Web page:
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Satire: Gib’s guide to being unconventionally homosexual in college

Being queer in college is hard. But don’t worry. If I’m doing it, you can too.


Satire: Gib’s guide to being unconventionally homosexual in college

Being queer in college is hard. But don’t worry. If I’m doing it, you can too.

Look. I know it, you know it, we all know it: If you're here, you suspect you fall somewhere on the LGBTQ+ spectrum. Yes, this is just like the "Am I gay?" quizzes that you Googled on the private browser of your mom's phone back in middle school — if you're not gay, why are you looking it up?

So yes, you know you're queer, but I'm assuming that you, my dear baby gay, don't have the slightest idea of how to navigate being a young, queer college student. Being away from home for the first time is scary enough, so having to simultaneously come to terms with the feeling that you're different than most people is enough to make your college experience feel like a big queer slasher film.

Lucky for you, I have heard your pleas. I, Gib Manrique, in my eternal wisdom, have decided to help you hopeless homosexuals and publish my painstakingly scientific findings, gathered throughout my storied career in gay-ology.

I've known I was gay since I was 10, so I have just the right amount of internal conflict and suppressed homosexual urges to make me an expert in this field.

This is for all my new queers out there. So buckle up, buttercup — it's time to graduate from a Hamilton-listening, best-friend-kissing, repressed little teenager to a full-blown queer adult.

Feb. 5, 2024

Dear reader,

If you're still unsure of your sexuality, I imagine the first step for you here would be confirming that pesky little existential question: AM I QUEER??????

Woah dude, chill out. How am I supposed to know? Honestly, I've been an adult for only two years, and I’m still trying to figure out my exact answer to this question myself.

When I first came to college, I identified as nonbinary, but I ended freshman year even further on the transgender spectrum. Now, I identify as a trans man — kind of. It's complicated, but what about being LGBTQ+ isn't?

As you can tell, I had an identity crisis that was just a tad (a lot) more intense than the other fresh-out-of-high-school kids around me.

Back then, whenever I opened up about my identity to people, I always felt a twang of nausea. I knew I was lying about something, but I didn't know what. It felt like no one in the world could help me.

If this sobfest is ringing any bells for you, I would recommend making an appointment with those ASU counselors whose contact information your community assistants have posted all over your dorm building in a Fortnite-themed display.

It can be terrifying figuring out who you are, but lean into that feeling. College, especially freshman year, is the time to try new things, so don't let fear stop you.

Suppressing your true emotions will not make them go away, no matter how much you insist that you're cutting your hair just because of some TikTok trend, not a gender identity crisis. Believe me, I've already tried.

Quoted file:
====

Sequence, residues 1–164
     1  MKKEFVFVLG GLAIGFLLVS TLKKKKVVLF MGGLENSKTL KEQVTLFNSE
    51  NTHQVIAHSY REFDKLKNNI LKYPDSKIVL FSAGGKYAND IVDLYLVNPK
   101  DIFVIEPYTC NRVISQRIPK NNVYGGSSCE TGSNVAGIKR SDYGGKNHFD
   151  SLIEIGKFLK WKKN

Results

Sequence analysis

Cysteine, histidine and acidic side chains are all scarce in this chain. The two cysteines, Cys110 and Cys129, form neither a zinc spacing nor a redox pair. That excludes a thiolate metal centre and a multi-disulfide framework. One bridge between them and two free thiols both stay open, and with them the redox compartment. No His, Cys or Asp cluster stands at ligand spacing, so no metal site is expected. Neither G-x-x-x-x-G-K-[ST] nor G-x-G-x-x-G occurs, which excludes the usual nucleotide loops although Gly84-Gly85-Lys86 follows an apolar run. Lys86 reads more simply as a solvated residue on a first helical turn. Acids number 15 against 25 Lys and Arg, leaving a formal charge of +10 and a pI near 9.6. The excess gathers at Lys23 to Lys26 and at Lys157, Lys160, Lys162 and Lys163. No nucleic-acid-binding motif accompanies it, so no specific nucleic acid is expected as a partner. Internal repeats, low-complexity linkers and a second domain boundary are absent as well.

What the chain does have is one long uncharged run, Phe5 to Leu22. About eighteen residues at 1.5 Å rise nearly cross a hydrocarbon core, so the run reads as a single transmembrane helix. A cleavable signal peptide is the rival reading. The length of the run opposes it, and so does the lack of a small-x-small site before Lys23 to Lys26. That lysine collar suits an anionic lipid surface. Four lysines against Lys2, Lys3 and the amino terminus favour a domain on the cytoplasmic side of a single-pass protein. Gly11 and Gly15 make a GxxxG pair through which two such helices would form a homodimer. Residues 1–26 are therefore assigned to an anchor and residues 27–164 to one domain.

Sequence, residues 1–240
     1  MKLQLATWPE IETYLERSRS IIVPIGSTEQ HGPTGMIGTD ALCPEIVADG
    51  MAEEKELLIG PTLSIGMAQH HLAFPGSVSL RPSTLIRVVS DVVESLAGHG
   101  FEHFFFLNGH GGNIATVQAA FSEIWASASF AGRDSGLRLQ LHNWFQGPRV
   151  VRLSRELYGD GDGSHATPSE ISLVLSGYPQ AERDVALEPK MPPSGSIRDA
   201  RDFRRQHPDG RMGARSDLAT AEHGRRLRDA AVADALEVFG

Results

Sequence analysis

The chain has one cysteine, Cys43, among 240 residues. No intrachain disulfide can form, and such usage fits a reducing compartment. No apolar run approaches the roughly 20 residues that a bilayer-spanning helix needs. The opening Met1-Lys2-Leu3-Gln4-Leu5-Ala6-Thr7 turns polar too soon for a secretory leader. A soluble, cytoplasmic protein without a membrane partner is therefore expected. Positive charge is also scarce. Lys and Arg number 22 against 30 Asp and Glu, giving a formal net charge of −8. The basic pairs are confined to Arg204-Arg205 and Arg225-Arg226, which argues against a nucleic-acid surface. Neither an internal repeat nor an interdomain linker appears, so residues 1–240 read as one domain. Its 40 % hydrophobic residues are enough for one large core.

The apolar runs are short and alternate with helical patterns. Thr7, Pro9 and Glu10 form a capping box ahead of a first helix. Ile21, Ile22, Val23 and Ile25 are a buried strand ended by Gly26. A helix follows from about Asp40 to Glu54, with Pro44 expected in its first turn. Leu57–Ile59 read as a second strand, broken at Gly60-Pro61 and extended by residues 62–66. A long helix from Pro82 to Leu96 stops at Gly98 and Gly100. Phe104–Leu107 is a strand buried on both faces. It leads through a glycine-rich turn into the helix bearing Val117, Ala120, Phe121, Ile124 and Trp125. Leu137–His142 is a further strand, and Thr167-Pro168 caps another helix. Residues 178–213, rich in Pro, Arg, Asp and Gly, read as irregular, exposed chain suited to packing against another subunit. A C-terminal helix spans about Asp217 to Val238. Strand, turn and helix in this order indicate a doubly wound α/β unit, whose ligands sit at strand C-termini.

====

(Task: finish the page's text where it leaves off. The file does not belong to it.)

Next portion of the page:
Everyone around you can probably sense you are queer anyway. I was so obvious about being transgender that my friend placed bets on how long it would take me to come out. He gave me about a year. I came out as a transgender man three months later while listening to Green Day on the bus.

Please don't change yourself to fit in. No one knows you on campus yet, so you're allowed to mess up. There are no expectations you have to conform to, so go kiss that random hot person in the corner at that house party!

And most of all, be proud.

Your biggest fan,

Gib Manrique

Feb. 20, 2024

Dear reader,

Get ready for phase two of queerdom. I can practically hear your screams of:


Luckily, college helps you discover things that the people in your repressed little hometown have never even heard of. Yes, I'm talking about sex, among other things. So many gay people enter college and try to figure everything out alone even though they've never even held hands with another homosexual. It's sad, really. 

Fortunately for you, here's everything you need to know about queer sex and romance:

• Gay first base: Sex

• Gay second base: Say "I love you," and form a deeply codependent relationship

• Gay third base: Adopt a cat

• Gay fourth base: First date! Woo!

• Gay fifth base: Break up or get married. Or both!

• Optional gay sixth base (if you really want a challenge): Move in with your partner and their best friend, who is also your mutual ex. Then do a switcheroo and start dating the other ex while they become your new best friend.

Now you might be thinking — I KNOW HOW TO HAVE SEX! I'M SET FOR LIFE!

No, you're not. Being gay is more than just sex, despite what many homophobic nutjobs want you to believe. To survive this, you need some friends, also known as oomfs.

There are many stereotypical gay cliques out there, all stemming from the internet subculture they were raised by in place of their parents. Each one has its own set of extremely official rules and regulations, and lucky for you, I'm an expert.

• The mainstream: When you say "gay" to a straight person, this is what they'll think of. I'm talking about those twinks you see in every Netflix romantic comedy. Surprisingly enough, they don't just exist in movies to assist Drew Barrymore, and they're not just skinny, hairless men who are into fashion, despite that one court scene in "Legally Blonde." Once you become friends with one, you learn they can have some depth. Get on their good side — you'll know once they start calling you "bitch" and "babe" — and they'll become your life companions. The downside is they will perpetually be surrounded by a mob of straight women who treat them like pets. Whenever you hear one say "yas queen" or "huntyyyy," run. That twink is a sleeper agent for white women who attend gentrified drag brunch, and he will try to get you to party with him. Girl, I am transgender. Do you think I can go to FIJI daygers?